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Review Loopmancer – IGN

Something happens to me as I pour hour after hour into Loopomancer: Roguelites has become so popular that playing a new one has become a kind of meta loop of its own. It can feel like you’re playing a remixed version of the same concept, just with different titles and gimmicks, over and over again – rub, wash, and repeat. To stand out, a game must do something extremely innovative, or differentiate itself by quality and polish. Loopmancer, following in the footsteps of other 2D action platformer roguelites like Fraudulent legacy and Dead cells, opted for the latter – to great success. None of its mechanics are groundbreaking, and the cyberpunk story is – while very entertaining – filled with clichés. But after looping this for almost 20 hours, it’s clear to me that what it lacks in uniqueness it makes up for more than it makes up for by nailing the genre’s most important elements: floating gameplay. turn on and make each run fresh and meaningful.

You play as Xiang Zixu, a generally tough detective in the techno-futurist Dragon City who was killed while investigating a missing person. Immediately after his death, he awoke in his bed, the same morning, and gave the same dispatch to investigate the same missing person. It’s a time-tested and effective loop formula as a prelude to a roguelite. Zixu doesn’t have much in the way of personality, but it’s interesting to hear him impatiently explain to his manager at the detective’s office that he already knew everything was about to happen.

Further progress allows him to piece together interesting details about who pulled the strings and why. There are several branching paths along the way, and following them in succession leads to different story revelations and seven different endings. Even if the answers always seemed to be drawn from Philip K. Dick parodies, they were still happy to watch them unfold.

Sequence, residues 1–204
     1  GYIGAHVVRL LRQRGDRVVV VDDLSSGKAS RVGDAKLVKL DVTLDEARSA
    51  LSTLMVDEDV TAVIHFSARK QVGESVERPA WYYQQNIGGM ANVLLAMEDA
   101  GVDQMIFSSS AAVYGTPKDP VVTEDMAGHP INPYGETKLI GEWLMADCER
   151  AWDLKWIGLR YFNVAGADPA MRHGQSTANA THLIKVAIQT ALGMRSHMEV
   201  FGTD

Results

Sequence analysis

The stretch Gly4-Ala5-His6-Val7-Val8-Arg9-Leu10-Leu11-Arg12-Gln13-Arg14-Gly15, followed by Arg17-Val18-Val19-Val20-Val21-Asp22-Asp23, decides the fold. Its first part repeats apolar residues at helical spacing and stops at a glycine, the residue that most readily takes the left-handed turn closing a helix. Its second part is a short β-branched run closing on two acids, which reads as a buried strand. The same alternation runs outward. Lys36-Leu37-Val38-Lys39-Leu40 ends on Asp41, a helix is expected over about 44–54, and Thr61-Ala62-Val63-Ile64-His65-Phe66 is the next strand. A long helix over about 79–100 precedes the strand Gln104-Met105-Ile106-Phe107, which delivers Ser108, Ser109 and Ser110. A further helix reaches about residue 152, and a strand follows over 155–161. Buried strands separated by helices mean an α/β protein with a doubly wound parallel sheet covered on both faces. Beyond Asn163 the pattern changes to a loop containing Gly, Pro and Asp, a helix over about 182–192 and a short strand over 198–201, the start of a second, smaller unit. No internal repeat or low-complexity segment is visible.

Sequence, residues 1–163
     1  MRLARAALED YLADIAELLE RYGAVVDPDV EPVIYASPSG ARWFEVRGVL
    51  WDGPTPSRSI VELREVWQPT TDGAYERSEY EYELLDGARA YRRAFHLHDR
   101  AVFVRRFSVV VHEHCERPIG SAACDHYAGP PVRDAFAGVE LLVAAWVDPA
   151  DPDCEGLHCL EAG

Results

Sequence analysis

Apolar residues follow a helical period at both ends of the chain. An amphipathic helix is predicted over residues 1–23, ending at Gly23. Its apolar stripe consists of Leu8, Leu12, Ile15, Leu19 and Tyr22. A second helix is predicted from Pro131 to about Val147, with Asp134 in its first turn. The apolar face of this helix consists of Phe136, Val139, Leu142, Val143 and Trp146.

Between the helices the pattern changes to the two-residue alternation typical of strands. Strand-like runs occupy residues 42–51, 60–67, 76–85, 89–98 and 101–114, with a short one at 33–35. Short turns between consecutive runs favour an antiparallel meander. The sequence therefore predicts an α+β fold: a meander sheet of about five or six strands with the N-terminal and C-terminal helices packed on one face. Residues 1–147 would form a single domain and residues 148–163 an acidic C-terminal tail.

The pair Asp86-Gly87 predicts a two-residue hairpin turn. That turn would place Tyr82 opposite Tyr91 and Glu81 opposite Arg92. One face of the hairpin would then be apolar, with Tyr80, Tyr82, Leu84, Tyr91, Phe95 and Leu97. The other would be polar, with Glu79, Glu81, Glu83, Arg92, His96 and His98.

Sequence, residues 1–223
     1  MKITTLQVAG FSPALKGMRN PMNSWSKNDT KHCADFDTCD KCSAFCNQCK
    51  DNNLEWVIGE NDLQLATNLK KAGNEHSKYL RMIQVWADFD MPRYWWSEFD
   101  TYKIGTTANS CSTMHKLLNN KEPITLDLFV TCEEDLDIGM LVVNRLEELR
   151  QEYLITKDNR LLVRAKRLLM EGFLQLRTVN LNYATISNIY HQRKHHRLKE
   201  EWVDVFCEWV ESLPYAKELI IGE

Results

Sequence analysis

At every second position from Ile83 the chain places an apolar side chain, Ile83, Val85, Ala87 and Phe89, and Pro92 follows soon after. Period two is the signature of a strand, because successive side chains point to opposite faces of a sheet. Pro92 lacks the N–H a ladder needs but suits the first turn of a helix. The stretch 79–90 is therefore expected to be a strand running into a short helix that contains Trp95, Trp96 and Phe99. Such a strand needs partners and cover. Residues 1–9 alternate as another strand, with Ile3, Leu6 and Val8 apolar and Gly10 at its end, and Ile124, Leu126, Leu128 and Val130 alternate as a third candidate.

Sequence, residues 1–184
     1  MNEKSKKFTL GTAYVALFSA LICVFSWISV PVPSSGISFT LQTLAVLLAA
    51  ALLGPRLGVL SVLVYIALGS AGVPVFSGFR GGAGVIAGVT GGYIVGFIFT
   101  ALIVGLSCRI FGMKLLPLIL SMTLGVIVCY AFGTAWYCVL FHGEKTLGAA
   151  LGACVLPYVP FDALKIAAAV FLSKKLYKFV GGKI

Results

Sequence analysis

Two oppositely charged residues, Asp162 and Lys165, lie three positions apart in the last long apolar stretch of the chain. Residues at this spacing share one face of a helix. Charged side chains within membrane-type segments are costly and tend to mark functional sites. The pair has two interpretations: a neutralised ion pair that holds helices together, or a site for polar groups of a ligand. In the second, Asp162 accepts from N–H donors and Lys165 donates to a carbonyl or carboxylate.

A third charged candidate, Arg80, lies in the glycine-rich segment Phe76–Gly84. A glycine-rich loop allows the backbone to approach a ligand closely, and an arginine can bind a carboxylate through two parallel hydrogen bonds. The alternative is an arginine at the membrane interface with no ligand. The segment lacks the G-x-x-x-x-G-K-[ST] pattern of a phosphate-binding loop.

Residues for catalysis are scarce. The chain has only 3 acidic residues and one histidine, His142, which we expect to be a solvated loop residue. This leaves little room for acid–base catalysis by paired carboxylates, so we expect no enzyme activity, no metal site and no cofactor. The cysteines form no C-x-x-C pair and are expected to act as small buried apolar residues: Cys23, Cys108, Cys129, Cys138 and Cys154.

In particular, Tang Dynasty Hotel stands out with its diverse design.


Cyberpunk settings are used very effectively in creating interesting environments. One minute you’re beating minions across the dirty streets while dodging oncoming traffic, the next minute you’re fighting cyber ninjas in what feels like a modern diversion. of Elevator Action as you search for the correct elevator to get to an office building. In particular, Tang Dynasty Hotel stands out for its diverse design: you must navigate with a grappling hook or elevator in an area and then engage in a large, multi-storey battle in which action is possible only. silhouetted behind hundreds of crimson banners.

Loopmancer Review Screenshot

Each level is divided into subsections with cohesive themes, and they combine each run in small but meaningful ways. Open roads are blocked, while new roads are available. Enemies reshuffle types, powers change positions. A visit to the dilapidated slum known as The Ditch might have you smacking giant spiders with a battle ax while you tiptoe between tripods. Then you die, come back again, shooting giant mutants while trying not to fall into the electrified water. It’s enough to keep Loopmancer feeling fresh for a while.